Image Credit: (Orin Zebest CC BY 2.0)
There has been a relative lack of interest in failure in anthropology. Before our own work, the main discourses were in failed ritual and state failure. Also, in feminist studies and linguistics there is work on discourse failure, but really most writing tended to focus more on incommensurability (e.g. the work of Elizabeth Povinelli) or the social outcomes of failure (e.g. resilience or sustainability), rather than failure itself. Other important work on failure published around the same time as Material Culture of Failure includes the work of Arjun Appadurai, the French philosopher Charles Pépin and an interdisciplinary group of scholars based in Warsaw studying ‘unintended consequences’, of which one is failure.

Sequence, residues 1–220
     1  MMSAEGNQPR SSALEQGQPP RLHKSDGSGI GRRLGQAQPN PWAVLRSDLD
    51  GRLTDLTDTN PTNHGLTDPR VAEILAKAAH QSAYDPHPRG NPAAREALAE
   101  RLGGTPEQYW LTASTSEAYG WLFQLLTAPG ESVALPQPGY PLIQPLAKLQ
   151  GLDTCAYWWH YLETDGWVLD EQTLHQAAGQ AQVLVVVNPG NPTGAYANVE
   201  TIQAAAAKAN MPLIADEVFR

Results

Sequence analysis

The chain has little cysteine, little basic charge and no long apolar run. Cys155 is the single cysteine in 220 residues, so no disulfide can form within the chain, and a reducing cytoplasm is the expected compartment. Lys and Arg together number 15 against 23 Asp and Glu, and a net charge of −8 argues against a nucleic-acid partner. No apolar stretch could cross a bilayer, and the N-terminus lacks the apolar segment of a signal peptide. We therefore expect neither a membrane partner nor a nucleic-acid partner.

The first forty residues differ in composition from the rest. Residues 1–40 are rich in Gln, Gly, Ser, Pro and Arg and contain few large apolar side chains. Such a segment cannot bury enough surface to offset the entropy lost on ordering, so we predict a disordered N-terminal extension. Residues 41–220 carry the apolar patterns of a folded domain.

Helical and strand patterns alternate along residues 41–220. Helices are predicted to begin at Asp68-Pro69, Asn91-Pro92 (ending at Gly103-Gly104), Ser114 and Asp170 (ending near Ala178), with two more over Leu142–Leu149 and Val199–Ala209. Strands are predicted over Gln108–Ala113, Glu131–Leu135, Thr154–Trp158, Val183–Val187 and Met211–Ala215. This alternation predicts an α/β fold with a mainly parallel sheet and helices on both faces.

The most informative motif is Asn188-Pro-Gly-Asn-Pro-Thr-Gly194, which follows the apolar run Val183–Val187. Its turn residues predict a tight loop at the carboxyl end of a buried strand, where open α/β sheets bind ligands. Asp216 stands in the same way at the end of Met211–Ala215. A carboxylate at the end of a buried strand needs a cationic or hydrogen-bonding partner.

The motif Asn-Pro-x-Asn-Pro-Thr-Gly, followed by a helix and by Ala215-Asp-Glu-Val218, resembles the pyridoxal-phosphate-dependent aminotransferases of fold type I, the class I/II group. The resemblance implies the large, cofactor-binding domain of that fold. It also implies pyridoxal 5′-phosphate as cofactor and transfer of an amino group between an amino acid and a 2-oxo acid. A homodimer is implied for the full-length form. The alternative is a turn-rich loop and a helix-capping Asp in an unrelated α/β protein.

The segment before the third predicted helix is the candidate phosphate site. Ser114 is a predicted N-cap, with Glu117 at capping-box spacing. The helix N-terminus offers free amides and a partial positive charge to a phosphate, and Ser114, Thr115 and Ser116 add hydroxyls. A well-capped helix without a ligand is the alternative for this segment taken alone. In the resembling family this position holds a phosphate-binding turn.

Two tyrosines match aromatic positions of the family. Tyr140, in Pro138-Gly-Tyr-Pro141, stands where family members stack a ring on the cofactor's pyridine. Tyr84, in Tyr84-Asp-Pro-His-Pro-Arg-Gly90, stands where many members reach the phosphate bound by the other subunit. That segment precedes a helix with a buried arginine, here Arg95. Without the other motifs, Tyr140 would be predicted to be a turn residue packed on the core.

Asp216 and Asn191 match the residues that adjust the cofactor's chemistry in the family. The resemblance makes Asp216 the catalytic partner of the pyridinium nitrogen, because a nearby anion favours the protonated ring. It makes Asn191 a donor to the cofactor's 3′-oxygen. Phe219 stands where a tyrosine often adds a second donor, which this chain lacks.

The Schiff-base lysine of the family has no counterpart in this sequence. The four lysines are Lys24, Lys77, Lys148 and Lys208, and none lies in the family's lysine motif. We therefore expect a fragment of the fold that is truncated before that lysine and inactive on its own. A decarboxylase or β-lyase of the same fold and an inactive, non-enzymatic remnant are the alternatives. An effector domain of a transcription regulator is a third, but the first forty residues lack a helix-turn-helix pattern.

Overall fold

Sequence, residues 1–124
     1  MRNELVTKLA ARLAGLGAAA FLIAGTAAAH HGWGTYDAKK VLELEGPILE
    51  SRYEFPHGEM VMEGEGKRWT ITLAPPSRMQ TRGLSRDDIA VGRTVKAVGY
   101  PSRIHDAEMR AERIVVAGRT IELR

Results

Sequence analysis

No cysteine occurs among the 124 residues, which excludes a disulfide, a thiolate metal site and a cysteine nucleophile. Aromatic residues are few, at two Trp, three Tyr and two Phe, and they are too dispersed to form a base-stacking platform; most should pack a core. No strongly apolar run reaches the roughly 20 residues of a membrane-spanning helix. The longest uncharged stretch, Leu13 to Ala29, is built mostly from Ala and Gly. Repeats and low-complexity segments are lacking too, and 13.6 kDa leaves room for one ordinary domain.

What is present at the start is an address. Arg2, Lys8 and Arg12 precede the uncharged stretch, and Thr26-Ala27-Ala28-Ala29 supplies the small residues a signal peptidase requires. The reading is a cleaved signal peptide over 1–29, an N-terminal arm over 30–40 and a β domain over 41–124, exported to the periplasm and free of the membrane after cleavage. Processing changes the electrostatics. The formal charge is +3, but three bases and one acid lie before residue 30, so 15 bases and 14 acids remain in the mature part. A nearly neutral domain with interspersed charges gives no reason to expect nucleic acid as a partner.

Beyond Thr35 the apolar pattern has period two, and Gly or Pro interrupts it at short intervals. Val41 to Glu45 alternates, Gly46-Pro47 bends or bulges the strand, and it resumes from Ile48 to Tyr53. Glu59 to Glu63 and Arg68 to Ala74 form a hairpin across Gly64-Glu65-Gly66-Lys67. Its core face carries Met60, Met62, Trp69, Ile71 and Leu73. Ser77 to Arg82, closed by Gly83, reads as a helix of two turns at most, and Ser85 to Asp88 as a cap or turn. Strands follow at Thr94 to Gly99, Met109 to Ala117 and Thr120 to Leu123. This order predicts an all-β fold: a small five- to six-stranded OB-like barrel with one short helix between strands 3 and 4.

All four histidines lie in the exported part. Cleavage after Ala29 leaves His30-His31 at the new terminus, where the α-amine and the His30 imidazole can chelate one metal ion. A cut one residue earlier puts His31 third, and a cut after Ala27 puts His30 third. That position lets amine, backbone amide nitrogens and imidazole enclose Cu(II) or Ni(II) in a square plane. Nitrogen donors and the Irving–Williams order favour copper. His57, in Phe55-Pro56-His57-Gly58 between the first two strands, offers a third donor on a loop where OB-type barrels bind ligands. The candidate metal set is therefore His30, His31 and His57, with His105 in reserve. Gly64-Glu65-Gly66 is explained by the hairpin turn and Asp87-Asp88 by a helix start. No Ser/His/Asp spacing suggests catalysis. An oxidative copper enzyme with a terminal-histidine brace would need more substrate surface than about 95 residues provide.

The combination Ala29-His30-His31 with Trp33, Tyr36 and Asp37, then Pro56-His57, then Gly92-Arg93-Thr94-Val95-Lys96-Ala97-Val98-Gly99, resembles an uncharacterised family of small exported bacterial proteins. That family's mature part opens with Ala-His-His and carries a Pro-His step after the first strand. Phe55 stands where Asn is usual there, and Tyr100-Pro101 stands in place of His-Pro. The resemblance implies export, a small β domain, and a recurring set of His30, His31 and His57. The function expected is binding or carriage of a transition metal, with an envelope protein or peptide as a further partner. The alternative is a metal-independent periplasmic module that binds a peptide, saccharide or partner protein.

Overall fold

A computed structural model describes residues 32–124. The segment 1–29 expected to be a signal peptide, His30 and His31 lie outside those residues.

Dimitris Dalakoglou opens the preface of our book with the Greek proverb: ‘The surgery was successful, but the patient passed away.’ Dalakoglou’s sentiment is dramatic, but he pairs it with the observation that it is ‘in the recording, and careful analysis, of failure that the full pragmatics – material, social, and political – of the end of the world may be known’ (xv). It is a discouraging thought taken in its magnitude, but the central importance of failure as a vantage point from which to understand larger social issues is at the heart of our book. Within the volume, we aim to ethnographically revel in failure. In most cases, the ‘physics’ of the material and social world operate in much the same way as they are designed. Architecture houses people; suburban maps point to pubs and street signs; bleach whitens; and silence is… well… quiet. However, embedded in each of these processes is a social expectation or promise that is somehow broken. The objects explored across the chapters operate efficiently as material goods; they simply do not do socially what they were supposed to do.